Nixzmary's mom convicted of manslaughter

October 18, 2008 4:59:23 AM PDT
The mother of a 7-year-old girl was convicted of manslaughter Friday for doing nothing to help as the tiny, malnourished child lay dying on the floor of their apartment, severely beaten by her stepfather. The verdict closes a case that hastened reforms in New York's child welfare agency and made the girl's name, Nixzmary Brown, synonymous with child abuse. Nixzaliz Santiago was convicted of the same charge as her husband, Cesar Rodriguez, even though he delivered the fatal blow that killed the girl, punished after she was caught stealing yogurt.

Santiago looked blankly at the judge Friday as the verdict was read. Brooklyn jurors deliberated three days before convicting her in the January 2006 death.

"The journey for justice for Nixzmary Brown is almost over," said Assistant District Attorney Ama Dwimoh, who prosecuted both of Nixzmary's parents. "Today is a good day for the children because this jury said loud and clearly that parents have a duty. ... It's not just what you do - it's what you don't do."

Santiago, like her husband, was acquitted of murder but convicted on several lesser counts, including assault and endangering the welfare of a child. Rodriguez was convicted in March and is serving 29 years in prison.

Both trials raised questions of whether mothers should be held to a higher standard than fathers. Prosecutors argued that Santiago shockingly failed to protect her child, and didn't seek help until hours after the girl had already died. Because of the lesser convictions, Santiago is facing a maximum of 33 years in prison and could serve more time than her husband.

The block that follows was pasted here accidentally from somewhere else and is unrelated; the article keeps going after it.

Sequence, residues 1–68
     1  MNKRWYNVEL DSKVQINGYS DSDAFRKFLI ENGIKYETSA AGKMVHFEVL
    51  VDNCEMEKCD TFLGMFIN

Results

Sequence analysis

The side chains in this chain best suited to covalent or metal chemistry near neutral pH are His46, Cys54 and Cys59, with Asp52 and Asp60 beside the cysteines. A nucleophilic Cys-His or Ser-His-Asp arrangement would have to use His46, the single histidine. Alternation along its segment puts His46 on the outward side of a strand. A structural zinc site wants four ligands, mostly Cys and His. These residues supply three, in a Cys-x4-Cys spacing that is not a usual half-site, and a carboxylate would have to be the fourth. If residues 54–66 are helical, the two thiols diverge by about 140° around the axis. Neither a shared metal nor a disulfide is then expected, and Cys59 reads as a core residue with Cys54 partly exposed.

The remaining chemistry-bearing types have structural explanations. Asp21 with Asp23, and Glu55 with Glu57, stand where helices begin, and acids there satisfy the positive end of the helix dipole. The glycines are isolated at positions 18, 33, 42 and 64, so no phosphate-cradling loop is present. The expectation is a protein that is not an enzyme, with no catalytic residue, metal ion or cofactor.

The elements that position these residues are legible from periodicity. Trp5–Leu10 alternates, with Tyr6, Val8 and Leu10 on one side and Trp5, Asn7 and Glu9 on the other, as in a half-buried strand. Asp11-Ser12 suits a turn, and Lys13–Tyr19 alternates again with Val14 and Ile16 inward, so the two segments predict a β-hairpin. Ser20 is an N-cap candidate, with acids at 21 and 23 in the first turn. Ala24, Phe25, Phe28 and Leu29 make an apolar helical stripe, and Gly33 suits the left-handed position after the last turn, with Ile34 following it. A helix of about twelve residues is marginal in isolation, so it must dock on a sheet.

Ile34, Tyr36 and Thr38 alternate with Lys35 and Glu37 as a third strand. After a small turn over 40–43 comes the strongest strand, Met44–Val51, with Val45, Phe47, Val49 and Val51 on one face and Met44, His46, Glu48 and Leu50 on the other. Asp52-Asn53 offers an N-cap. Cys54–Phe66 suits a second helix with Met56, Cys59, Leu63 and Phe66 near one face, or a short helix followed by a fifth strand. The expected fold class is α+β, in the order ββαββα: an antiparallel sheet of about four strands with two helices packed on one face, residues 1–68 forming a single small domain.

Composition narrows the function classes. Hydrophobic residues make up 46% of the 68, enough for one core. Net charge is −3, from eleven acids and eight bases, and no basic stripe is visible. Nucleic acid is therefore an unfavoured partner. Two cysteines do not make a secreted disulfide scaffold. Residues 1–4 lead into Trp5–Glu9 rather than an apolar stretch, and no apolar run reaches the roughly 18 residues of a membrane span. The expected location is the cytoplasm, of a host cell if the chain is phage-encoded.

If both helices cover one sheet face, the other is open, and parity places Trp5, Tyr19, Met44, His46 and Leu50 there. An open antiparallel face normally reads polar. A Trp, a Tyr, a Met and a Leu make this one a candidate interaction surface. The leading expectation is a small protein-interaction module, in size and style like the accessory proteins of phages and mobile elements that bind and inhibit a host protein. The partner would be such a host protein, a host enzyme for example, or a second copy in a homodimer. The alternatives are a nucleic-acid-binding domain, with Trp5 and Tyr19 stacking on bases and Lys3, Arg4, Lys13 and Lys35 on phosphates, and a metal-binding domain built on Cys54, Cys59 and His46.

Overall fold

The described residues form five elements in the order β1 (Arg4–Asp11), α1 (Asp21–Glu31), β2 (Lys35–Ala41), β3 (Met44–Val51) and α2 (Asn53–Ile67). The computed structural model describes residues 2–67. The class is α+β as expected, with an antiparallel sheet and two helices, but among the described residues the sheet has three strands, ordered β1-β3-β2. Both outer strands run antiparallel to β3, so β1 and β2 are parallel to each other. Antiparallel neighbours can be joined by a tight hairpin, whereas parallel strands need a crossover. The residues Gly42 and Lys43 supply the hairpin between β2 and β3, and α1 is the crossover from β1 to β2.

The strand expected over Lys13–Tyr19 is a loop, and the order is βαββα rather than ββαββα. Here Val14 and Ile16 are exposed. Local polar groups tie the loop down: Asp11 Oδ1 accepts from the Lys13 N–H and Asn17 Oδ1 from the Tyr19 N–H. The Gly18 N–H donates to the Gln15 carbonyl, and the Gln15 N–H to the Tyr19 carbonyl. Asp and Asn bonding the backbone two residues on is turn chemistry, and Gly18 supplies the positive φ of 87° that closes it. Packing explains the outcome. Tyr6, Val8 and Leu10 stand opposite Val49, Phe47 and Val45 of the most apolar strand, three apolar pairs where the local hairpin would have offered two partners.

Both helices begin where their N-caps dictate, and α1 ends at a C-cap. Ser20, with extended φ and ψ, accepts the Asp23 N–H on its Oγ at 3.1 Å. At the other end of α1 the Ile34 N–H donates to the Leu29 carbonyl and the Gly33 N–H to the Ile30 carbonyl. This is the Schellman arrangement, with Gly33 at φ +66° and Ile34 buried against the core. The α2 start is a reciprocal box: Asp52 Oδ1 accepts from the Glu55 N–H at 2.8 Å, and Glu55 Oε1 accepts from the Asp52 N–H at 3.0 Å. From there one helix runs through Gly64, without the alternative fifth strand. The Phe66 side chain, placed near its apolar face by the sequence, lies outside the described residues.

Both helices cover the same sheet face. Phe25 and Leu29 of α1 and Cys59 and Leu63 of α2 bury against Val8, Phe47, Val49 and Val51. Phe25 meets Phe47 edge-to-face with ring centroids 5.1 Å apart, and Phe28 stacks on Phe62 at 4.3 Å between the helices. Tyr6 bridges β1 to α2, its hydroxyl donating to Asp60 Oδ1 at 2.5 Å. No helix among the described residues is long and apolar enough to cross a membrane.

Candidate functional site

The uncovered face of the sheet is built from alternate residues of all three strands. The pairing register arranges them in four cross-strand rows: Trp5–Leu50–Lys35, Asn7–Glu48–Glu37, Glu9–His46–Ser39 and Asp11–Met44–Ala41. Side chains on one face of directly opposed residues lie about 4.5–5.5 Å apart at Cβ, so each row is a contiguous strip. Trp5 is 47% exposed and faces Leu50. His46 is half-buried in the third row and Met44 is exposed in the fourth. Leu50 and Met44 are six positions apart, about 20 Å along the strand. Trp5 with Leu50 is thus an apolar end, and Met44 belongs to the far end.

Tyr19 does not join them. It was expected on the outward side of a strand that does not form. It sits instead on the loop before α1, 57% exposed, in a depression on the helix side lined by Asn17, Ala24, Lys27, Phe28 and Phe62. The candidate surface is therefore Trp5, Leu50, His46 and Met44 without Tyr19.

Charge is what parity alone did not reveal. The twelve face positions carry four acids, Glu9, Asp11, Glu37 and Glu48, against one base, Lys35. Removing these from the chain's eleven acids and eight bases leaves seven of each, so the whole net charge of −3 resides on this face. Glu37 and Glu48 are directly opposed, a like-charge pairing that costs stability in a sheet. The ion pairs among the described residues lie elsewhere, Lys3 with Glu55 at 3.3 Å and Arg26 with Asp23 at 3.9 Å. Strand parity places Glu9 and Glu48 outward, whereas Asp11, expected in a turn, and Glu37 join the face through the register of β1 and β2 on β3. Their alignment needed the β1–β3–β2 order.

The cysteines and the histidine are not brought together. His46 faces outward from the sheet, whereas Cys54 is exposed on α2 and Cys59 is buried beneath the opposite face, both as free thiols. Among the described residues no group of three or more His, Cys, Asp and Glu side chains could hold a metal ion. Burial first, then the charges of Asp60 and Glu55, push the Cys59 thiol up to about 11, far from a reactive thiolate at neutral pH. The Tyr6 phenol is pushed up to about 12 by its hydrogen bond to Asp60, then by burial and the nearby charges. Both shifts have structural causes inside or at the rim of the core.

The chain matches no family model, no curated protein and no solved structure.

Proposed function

"She did not do the same as Cesar," said defense attorney Sammy Sanchez. "An angel, Nixzmary Brown, died and that was a tragedy, and we feel terrible for all of the family. But Cesar was the true criminal."

Judge Patricia DiMango set sentencing for Nov. 5. An appeal is planned.

Evidence included grim crime-scene photos from the room where Nixzmary was bound to a chair, starved and forced to urinate in a litter box. She was so malnourished when she died that she weighed only 36 pounds - about half the weight of an average girl that age.

Another defense attorney, Kathleen Mullin, said during closing statements that Santiago tried twice to stop her husband from hitting the girl, and didn't know he continued beating her until she died. She said Santiago was a loving but overworked mother caring for five other children, and was afraid of her husband.

But Dwimoh said Santiago bore responsibility for her daughter's death. "If the mother doesn't protect their child, who does?" she asked.

Dwimoh said Santiago had an obligation to call for help after she saw the battered girl, but simply didn't care.

"She had every reason to believe she was going to lose this little girl, and she doesn't call for an ambulance," said the prosecutor. "She doesn't do anything until it's too late."

There had long been warning signs. School employees had reported that Nixzmary had been absent for weeks during the previous year. Neighbors noticed unexplained injuries and noted the child appeared underfed. Child welfare workers had been alerted twice but said they found no conclusive evidence of abuse. Most workers involved in the case were later suspended or fired.

The case, coupled with a series of other high-profile deaths of children known to the agency, sparked public demands for reform. City officials responded by bolstering the corps of caseworkers.

Four of Santiago's other children are in foster care with the same family, and her remaining son is living with his father.

Santiago's mother, Maria Gonzalez, is seeking custody of the children and has sued the city over Nixzmary's death.

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